I would like to train a neural network whose parameters (alternatively, weights) are subject to linear constraints such as

$w_{i,j} = w_{i',j'}$,

where $w_{i,j}$ denotes the weight from input node $i$ to hidden node $j$ in the case of a network with a single layer. (In the case of several hidden layers, it is okay to assume that only weights stemming from the same layer can be related to each other).

It seems that a special case of this is known as parameter sharing in the context of convolutional neural networks where weights have to coincide, roughly speaking, across different layers.

Surprisingly, it seems that there is not much work / need for more general parameter constraints. Being not a machine learning expert, I am wondering whether I am using the wrong keywords in my literature research.

It would be great if someone could point me towards a tool / framework which allows for linear parameter constraints. Mathematically speaking, I would like to specify a linear subspace of the parameter space and project, at each step of the backwardpropagation, the update vector $\Delta w$ onto this very subspace.

Any help will be greatly appreciated.


1 Answer 1


I'll list two approaches, either of which should work.

Projected gradient descent

One general approach would be to use projected gradient descent, which provides a way to accommodate these kinds of constraints. For specific kinds of constraints there may be a better way.

Let's recall how we train neural networks. We have an objective function $\Psi$ that computes the total loss, as a function of the weights $w$. Training a neural network amounts to solving the optimization problem "minimize $\Psi(w)$". This is typically done using (stochastic) gradient descent to find the weights $w$ that minimize $\Psi(w)$. In each iteration, you take a single gradient step to update $w$ (backpropagation is just a way to help you compute the gradient $\nabla \Psi(w)$, to help you take this step).

Now you want to add some constraints on $w$. Let $\mathcal{R}$ denote the region (linear subspace) of $w$'s that satisfy all your constraints. Now we want to solve the optimization problem "minimize $\Psi(w)$ subject to $w \in \mathcal{R}$". One standard way to solve such an optimization problem is to use projected gradient descent: in each iteration, you take a single gradient step to update $w$, then project $w$ to the nearest point in $\mathcal{R}$; and repeat. So this amounts to doing the standard backprop training procedure for a neural network, but after each weight update, projecting the weights to the nearest valid value that satisfies all the constraints. You can read more about projected gradient descent in standard resources. In your situation, it is easy to project onto a linear subspace; this is a simple matter of linear algebra. So projected gradient descent should be straightforward to apply. It also shouldn't be too hard to add the projection step, in a framework like Tensorflow. This also has the nice benefit of generalizing beyond linear constraints.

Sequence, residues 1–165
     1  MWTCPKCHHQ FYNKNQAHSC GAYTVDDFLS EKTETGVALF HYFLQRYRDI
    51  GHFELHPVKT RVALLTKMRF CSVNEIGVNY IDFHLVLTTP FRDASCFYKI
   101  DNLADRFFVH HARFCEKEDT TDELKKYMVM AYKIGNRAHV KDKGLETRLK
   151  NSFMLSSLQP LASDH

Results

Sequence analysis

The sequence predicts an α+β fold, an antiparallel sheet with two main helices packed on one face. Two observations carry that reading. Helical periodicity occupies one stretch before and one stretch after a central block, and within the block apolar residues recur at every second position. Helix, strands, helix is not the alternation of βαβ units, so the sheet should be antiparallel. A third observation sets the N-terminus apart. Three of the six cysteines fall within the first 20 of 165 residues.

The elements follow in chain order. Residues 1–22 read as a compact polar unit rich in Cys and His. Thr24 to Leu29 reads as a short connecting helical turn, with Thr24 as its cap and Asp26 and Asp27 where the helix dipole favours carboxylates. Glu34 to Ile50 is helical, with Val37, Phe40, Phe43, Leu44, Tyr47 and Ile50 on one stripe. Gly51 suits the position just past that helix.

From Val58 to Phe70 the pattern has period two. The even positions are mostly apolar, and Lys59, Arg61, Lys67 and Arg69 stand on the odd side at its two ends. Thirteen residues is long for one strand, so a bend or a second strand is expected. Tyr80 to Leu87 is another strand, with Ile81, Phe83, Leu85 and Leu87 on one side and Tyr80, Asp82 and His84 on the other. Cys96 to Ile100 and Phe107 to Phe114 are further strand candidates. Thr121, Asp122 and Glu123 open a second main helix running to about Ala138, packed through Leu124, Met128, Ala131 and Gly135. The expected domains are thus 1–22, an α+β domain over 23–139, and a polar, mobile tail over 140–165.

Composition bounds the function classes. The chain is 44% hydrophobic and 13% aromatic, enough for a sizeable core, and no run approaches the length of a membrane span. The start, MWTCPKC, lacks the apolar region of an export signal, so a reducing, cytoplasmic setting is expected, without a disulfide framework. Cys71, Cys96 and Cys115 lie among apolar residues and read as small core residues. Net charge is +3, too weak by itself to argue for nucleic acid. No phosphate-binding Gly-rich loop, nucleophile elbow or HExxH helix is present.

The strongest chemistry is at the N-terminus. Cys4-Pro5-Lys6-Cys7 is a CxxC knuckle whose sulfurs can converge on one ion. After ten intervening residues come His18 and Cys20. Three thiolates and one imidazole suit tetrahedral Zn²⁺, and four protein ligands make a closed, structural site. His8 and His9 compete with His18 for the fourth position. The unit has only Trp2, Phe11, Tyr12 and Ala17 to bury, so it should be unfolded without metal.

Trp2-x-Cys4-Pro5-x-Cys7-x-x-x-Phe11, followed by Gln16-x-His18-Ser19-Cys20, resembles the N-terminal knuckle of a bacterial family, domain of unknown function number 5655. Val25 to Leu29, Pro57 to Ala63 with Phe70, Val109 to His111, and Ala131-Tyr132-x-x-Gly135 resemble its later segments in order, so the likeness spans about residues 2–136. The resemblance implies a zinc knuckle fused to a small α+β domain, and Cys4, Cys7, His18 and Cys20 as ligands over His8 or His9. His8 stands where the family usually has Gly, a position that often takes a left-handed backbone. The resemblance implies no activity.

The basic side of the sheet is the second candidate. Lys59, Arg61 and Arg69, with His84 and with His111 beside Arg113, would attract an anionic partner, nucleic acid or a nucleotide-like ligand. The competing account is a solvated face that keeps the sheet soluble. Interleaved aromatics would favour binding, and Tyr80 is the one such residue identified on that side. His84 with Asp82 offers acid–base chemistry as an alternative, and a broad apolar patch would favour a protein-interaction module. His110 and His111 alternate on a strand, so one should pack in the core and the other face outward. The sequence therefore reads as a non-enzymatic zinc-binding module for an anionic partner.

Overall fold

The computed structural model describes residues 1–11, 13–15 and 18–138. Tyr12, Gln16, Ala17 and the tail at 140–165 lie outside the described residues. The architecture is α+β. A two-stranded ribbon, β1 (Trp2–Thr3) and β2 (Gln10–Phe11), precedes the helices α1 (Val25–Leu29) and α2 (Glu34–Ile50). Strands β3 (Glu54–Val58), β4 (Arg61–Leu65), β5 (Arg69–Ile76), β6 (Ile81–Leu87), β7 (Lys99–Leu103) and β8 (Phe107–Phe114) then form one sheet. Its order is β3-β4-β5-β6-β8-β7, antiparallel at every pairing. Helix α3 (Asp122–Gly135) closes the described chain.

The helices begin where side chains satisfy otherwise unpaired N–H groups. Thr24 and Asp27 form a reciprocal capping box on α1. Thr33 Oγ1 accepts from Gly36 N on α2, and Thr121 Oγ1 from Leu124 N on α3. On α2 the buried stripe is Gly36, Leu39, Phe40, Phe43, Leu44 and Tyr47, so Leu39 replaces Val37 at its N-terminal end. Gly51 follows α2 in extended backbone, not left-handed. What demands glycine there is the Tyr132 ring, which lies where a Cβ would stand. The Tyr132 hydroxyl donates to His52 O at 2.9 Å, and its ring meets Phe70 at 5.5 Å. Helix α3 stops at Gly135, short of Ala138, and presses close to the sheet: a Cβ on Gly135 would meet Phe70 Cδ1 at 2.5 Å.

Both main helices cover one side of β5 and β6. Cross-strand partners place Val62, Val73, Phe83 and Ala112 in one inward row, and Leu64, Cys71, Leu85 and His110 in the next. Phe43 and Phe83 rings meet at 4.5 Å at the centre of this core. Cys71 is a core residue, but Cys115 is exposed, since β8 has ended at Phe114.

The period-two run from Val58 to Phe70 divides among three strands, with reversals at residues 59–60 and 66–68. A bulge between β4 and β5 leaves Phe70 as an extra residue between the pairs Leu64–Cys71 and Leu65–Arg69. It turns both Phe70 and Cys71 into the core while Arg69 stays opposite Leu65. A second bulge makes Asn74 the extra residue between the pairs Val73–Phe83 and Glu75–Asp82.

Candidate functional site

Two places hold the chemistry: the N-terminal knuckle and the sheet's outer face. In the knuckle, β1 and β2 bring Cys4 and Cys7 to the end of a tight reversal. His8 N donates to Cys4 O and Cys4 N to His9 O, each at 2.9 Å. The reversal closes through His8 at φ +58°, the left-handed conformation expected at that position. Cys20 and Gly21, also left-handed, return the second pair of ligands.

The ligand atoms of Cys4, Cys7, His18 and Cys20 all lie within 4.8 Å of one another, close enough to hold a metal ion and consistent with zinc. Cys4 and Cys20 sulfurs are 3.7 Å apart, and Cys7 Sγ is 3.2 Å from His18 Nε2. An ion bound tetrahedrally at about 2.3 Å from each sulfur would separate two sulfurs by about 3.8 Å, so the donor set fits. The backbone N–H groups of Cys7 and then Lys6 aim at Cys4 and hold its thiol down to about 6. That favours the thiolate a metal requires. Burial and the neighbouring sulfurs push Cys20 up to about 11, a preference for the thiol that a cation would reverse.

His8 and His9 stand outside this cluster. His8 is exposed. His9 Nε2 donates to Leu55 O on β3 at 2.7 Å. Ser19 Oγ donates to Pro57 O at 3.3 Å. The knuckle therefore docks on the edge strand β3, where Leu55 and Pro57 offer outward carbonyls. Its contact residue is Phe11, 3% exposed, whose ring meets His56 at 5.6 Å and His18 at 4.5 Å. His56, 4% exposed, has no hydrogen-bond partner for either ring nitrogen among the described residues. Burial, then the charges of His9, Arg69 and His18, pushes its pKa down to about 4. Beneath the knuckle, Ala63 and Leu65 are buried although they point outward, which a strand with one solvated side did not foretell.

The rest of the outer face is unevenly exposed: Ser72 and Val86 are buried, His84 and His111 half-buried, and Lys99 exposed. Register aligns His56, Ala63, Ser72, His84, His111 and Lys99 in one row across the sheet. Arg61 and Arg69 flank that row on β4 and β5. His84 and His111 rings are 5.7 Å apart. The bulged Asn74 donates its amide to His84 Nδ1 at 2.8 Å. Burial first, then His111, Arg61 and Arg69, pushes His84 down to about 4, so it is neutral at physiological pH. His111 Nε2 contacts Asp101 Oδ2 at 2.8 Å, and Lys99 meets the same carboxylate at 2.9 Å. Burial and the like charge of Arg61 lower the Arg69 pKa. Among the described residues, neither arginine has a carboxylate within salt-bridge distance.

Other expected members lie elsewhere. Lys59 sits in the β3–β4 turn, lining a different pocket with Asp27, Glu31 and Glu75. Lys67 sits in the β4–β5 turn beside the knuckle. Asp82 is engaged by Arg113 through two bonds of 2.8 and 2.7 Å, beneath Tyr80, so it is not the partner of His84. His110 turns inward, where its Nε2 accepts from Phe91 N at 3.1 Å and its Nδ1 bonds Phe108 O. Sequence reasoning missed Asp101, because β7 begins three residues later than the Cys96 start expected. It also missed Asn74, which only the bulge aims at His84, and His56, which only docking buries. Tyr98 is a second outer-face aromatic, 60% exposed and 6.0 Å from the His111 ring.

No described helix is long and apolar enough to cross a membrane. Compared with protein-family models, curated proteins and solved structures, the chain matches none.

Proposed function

The other plausible approach would be a reparameterization trick. If you have $m$ weights, your region $\mathcal{R}$ has the form $\{w : Aw=c\}$, where $A$ is a $m \times n$ matrix and $c$ a constant $m$-vector. This can be reparametrized into the form $\{Bv\}$ where $B$ is a $n\times n-m$ matrix and $v$ ranges over all possible $n-m$-vectors. In other words, we can find a matrix $B$ such that every valid weight value $w$ can be expressed as $w=Bv$ for some $v$. (I think you can compute $B$ as the pseudoinverse of $A$.) Then, instead of solving the optimization problem "minimize $\Psi(w)$ subject to $w \in \mathcal{R}$", you can solve the optimization problem "minimize $\Psi(Bv)$", where now there are no constraints on $v$. This in turn can be done using gradient descent.

Once you've found the matrix $B$, you'll probably find the latter approach very easy to implement in frameworks like Tensorflow; you just let $v$ be the variables you are trying to solve for, compute $w$ from $v$ using $w=Bv$, and then the neural network uses these derived weights $w$, and you can ask Tensorflow to minimize the loss as usual.

  • $\begingroup$ Thanks a lot for your reply. Pardon me if I was not precise in my question. Is is clear to me that mathematically I have to compute merely a projection of $\Delta w$ unto the linear space in question (compare the end of my question with the first half of your answer). What I am not clear about is whether this is already supported by some established tool or framework like MATLAB or whether I have to code it up myself. Best $\endgroup$
    – user20374
    Commented Jul 16, 2018 at 13:14
  • $\begingroup$ @user20374, my guess is that you'll have to code it yourself. $\endgroup$
    – D.W.
    Commented Jul 16, 2018 at 15:23
  • $\begingroup$ Thanks for the great answer. How about using Lagrange multipliers for the constraints? Would it be equivalent to the projection method? I have a bunch of polynomial constraints, wonder if the (non-)convexity of the permissible region would be a problem... $\endgroup$ Commented Jul 14, 2019 at 5:25

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